Last week, while flying home from my parent’s place, I encountered some travel delays which resulted in me getting to SFO pretty late at night. I live about an hour from the airport, so I was a bit apprehensive about taking an Uber (I’ve had unpleasant experiences with cabs late at night in SFO). I contemplated spending the night at the airport, but eventually decided I wanted my bed, so called my Uber and hopped in. Little did I know it would be a trip I won’t soon forget…

I started my usual conversation with my driver, whose name was Ahmad. He had an accent so I eventually asked where he was from, because I love to hear people’s stories of where they came from and how they ended up here. He hesitated… and eventually, speaking softly, he said Baghdad. My stomach turned, and not for the reasons it might turn for some people in today’s world. It turned because I immediately became aware of his demeanor and how he must be feeling. It made me think he gets one of two reactions when he reveals his ethnicity, one of compassion and love or one of judgment and fear. And he wasn’t sure which to expect from me… But I knew what I wanted to leave him with.

I asked him more questions – how long had he been here, how often does he go home, does he have family here, has he found a community in the Bay Area. The longer I spoke to him, the more he opened up. It turned out he is from a town called Mosul, about 250 miles north of Baghdad in Iraq. He spoke about his hometown with so much pride, the culture, the beauty, the history… When he was there, he entered a lottery for a US visa, and ended up getting it. In 2007, he left his friends and family behind, for a new world, a new life, with the hopes of bringing his family here someday so they could live in peace and happiness. He arrived in the US, not knowing a word of English, and ended up being housed with a Frenchman, who also spoke zero English. He was terrified, lost and had no one here, but he was determined. So he learned English, and worked hard to save money. He returned to Iraq for a visit in 2009, not knowing it would be the last time he saw his loved ones. In 2014, ISIS took control of Mosul, and he hasn’t heard from his family in over a year and a half. His tone of pride turned to one of pain and sadness. He doesn’t know if his family is alive or dead. There is no connection to the outside world for the people of Mosul, no internet, no phones… He shared that his mind is consumed with thoughts of his loved ones…wondering if he will ever hear from them again. One of his brothers ended up fleeing and made it to Europe. Every once in a while, he hears from him, but that is his only family member he remains connected to.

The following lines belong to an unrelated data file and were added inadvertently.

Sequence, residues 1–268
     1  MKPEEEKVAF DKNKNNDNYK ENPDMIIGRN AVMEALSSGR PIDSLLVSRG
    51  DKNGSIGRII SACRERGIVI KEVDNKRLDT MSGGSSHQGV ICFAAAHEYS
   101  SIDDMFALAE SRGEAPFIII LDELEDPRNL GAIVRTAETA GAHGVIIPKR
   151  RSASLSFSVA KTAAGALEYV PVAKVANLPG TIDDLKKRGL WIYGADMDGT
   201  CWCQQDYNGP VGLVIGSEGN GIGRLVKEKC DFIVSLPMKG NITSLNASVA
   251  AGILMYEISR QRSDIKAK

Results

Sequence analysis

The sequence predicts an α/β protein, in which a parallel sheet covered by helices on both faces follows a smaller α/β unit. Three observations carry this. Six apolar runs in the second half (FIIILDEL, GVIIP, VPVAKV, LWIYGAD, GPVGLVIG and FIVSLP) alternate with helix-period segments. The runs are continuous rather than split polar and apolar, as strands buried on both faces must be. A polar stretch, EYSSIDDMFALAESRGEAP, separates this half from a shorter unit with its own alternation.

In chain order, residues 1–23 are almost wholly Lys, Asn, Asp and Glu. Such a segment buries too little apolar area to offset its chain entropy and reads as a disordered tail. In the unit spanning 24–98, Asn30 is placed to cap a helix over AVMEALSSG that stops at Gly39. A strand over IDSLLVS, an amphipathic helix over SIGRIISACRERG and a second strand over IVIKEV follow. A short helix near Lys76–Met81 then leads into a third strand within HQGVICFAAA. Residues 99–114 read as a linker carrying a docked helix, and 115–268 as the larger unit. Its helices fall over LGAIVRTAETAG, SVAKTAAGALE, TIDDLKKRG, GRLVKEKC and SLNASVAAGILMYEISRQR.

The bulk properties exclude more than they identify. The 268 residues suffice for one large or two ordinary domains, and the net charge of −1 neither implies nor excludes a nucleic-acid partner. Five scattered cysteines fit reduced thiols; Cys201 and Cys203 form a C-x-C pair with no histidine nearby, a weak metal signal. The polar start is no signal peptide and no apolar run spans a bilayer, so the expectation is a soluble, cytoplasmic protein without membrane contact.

My heart ACHED.

I asked more… who do you have here? He shared that the Bay Area doesn’t really have a community of Iraqi people. He has made many friends from all over the world, but in a sense he feels isolated. And with the way the world has become, it seems he has learned to live his life, keep to himself and those he trusts, and stay focused on his work. I listened to everything he said, I was engaged in our conversation, and all I wanted was to leave him feeling heard, seen and understood. Looking back, there is so much more I wish I had said, but sometimes less is more. I hope he felt what I felt, and I hope he knew that I care. 

It was a simple Uber ride home but it was as if the universe was nudging me. Saying “I’m just checking to see if you’re paying attention, because this? THIS is what life is about.” A beautiful reminder that WE ARE ALL CONNECTED. Be kind to one another. Do your best to see people’s soul, to see the essence of who they are and not the package they come in or the labels associated with them by society. Love one another. Then and only then will the world become brighter, lighter and happier. It’s up to each and every one of us.

From my heart to yours <3